INTRODUCING THE CLAIRE TOW STAGE
IN THE C. NEWTON SCHENCK III THEATRE
Visit soon to experience for yourself the new roomier seating in the theatre, a bigger lobby, a new bar, and a facelift that embraces the unique industrial nature of the site, while updating it for the 21st century.
Through the end of the 2011-12 season, Long Wharf Theatre staff and board members were in the lobby during performances, talking about the renovations. What they heard from audiences was heartening. Time and again patrons stopped to talk about fond associations with the theatre, actors they loved, or fine performances they remember. Because of those positive memories, hundreds of people enthusiastically supported the campaign.
It was a reminder that Long Wharf Theatre was important to people, a thought that was encouraging to staff members as they worked through the challenging process of fundraising. “Each night people would stop and tell me stories about Long Wharf Theatre over the years. These were people who’ve had a long relationship with us. It is humbling to hear that we’ve made an impact, and we are inordinately grateful for their devotion and loyalty,” said managing director Josh Borenstein.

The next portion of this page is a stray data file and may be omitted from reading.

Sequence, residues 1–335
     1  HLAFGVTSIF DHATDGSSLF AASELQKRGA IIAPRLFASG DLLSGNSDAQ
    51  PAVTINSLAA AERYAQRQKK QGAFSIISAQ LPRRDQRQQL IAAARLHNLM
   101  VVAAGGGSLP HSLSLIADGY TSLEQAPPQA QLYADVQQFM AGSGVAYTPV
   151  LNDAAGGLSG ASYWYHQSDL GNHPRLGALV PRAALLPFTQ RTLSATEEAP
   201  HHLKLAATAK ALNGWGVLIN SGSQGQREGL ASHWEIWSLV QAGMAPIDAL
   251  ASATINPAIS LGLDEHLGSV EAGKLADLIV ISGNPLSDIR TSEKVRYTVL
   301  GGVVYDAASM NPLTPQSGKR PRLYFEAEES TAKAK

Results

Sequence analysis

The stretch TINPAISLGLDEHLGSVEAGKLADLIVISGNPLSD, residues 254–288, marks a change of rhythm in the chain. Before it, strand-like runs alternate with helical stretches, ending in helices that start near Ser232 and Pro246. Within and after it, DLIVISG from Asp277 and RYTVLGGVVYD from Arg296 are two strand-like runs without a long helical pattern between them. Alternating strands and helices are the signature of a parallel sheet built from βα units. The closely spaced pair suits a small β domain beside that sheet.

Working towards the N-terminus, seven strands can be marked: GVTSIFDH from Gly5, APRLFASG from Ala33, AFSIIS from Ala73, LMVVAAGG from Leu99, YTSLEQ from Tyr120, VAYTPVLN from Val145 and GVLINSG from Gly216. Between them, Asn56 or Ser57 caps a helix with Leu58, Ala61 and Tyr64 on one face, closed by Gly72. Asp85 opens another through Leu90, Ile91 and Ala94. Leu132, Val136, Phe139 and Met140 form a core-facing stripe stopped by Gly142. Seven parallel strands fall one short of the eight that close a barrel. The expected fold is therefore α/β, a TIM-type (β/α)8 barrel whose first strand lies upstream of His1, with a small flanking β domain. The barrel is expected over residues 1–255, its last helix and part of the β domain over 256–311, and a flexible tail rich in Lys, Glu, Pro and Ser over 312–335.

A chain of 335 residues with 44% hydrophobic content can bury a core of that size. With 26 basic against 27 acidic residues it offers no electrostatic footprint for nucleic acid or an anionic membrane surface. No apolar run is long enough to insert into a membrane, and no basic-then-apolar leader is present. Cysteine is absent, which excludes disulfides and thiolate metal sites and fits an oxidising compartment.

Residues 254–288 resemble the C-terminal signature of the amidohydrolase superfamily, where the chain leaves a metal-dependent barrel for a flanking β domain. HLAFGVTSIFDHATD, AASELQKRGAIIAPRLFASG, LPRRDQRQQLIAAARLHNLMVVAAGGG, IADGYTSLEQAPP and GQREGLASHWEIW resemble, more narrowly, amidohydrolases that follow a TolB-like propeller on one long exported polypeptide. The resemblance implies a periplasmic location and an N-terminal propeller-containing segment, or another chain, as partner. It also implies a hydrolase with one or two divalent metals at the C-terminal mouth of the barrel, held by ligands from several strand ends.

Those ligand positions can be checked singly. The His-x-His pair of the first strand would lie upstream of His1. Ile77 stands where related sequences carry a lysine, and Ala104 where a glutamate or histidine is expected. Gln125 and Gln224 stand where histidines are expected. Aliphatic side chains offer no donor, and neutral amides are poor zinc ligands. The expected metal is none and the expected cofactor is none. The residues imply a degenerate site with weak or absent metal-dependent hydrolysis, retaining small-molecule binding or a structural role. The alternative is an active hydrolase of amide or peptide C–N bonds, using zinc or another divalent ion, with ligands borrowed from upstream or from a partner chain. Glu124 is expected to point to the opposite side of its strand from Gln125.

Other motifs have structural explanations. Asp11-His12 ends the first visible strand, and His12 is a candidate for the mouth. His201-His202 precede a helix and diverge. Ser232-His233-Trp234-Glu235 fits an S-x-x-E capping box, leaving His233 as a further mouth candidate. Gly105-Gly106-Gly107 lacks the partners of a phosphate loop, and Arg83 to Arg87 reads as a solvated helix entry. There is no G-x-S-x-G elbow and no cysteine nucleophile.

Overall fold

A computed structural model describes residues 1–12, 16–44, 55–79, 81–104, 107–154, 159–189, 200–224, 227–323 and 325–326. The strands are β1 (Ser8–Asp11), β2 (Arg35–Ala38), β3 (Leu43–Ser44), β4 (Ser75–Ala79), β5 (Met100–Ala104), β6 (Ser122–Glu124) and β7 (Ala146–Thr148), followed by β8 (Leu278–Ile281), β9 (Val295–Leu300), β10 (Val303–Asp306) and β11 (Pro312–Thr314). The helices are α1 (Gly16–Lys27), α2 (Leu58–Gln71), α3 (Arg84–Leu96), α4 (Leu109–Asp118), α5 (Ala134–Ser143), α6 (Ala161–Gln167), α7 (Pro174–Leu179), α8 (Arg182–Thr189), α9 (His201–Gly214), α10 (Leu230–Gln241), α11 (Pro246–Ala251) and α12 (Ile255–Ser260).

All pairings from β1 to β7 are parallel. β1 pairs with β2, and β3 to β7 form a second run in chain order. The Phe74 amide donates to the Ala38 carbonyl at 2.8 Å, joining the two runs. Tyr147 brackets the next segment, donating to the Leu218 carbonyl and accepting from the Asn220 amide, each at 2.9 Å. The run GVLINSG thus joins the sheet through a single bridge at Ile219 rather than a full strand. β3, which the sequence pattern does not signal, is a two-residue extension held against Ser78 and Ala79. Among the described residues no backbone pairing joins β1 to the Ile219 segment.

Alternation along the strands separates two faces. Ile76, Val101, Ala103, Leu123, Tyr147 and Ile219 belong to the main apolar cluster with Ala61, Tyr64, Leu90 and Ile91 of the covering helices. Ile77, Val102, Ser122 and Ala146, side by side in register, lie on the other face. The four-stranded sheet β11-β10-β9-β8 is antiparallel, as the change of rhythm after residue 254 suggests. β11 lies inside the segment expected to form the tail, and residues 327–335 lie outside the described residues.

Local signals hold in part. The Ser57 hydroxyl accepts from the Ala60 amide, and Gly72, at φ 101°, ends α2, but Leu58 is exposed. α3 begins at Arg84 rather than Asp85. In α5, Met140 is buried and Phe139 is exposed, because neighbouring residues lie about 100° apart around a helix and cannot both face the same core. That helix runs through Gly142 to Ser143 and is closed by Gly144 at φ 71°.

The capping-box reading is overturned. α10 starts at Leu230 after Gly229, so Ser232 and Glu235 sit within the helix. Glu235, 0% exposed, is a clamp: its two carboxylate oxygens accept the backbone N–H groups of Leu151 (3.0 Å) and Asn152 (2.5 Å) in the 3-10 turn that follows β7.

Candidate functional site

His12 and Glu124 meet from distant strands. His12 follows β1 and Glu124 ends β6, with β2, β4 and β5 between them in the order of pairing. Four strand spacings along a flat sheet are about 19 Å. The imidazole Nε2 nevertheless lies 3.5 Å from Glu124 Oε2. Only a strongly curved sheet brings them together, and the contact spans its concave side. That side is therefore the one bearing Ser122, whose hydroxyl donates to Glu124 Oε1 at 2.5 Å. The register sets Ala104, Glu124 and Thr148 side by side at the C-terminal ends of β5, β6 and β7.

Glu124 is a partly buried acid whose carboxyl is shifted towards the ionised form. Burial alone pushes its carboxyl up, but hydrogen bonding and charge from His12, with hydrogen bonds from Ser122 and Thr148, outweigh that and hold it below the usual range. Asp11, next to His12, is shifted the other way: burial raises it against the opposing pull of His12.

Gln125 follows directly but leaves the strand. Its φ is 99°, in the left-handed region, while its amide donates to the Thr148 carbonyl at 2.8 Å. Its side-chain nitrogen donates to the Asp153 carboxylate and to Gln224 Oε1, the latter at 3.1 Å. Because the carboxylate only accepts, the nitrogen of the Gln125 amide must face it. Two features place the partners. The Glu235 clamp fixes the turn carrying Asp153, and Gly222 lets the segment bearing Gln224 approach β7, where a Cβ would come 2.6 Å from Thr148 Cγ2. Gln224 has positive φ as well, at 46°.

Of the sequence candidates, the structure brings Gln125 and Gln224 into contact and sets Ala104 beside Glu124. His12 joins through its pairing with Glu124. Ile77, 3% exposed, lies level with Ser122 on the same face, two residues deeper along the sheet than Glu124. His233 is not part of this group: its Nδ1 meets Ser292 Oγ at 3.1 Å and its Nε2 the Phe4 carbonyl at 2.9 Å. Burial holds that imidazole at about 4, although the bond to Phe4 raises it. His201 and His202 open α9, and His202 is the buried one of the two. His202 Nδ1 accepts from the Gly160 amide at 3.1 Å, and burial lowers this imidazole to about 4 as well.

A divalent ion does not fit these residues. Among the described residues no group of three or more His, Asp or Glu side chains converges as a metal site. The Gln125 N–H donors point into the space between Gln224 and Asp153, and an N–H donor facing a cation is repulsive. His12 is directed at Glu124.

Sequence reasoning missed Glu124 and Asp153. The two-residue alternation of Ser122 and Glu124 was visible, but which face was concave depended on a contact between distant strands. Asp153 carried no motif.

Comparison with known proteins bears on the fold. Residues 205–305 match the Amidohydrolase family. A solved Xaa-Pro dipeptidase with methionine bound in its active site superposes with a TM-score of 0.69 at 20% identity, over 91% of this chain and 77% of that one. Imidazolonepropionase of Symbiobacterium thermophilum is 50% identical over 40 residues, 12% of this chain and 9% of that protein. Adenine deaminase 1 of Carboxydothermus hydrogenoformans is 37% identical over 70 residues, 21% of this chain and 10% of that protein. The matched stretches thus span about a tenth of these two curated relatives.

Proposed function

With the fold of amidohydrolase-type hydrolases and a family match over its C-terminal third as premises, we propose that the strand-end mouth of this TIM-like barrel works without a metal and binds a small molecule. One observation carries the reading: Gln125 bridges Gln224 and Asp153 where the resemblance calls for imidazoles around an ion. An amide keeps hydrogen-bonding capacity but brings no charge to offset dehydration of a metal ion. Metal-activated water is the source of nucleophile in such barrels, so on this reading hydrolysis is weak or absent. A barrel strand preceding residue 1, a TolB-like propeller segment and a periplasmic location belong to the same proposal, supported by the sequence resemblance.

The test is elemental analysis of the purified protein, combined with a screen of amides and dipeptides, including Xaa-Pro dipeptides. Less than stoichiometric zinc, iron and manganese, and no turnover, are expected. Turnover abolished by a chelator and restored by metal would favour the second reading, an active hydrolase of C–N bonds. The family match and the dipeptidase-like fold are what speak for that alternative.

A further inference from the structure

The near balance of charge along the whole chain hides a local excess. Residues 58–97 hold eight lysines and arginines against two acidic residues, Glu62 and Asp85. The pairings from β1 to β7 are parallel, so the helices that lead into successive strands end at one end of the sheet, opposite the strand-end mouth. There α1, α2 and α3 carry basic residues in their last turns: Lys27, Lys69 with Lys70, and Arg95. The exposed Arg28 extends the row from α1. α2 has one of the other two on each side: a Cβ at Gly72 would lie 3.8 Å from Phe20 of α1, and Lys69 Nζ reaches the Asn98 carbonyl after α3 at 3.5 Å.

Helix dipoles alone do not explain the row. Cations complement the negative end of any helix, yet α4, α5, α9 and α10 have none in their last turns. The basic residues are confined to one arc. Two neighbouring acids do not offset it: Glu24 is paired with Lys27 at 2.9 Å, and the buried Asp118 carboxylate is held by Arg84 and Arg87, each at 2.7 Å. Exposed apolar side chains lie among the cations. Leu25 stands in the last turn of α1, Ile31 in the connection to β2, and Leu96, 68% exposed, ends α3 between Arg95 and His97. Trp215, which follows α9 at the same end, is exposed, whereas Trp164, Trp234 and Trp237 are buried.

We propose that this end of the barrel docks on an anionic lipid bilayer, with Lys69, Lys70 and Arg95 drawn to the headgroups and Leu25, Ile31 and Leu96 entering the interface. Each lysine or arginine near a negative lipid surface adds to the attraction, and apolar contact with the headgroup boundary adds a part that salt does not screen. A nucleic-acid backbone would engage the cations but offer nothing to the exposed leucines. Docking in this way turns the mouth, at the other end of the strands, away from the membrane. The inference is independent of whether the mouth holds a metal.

The renovations started June 8 and were completed days before the first performance of The Killing of Sister George on November 28. In the end, approximately 5,500 man hours were spent on the project.
The design, by New Haven architect Rick Wies of Gregg, Wies, and Gardner, decided to emphasize the Food Terminal’s industrial origins, rather than masking them.
The size of the lobby has been increased by almost a third, with large bright windows. The new façade of the theatre consists of an anodized aluminum store front glazing system paired with a white porcelain cement ground-face block. Eighty clear varnished wood panels make up the interior lobby walls. The floors are polished concrete. The new bar is made of backlit resin paneling. The steel signs honoring Claire Tow and founding Board Chair C. Newton Schenck III were designed by Long Wharf Theatre graphics director Claire Zoghb, and erected by Long Wharf Theatre’s production staff.
The total impact is a radical one – a design that honors Long Wharf Theatre’s unique origins, while acknowledging patrons’ needs. The renovation itself is a reflection of the ethos of excellence the theatre has stood for over its long history.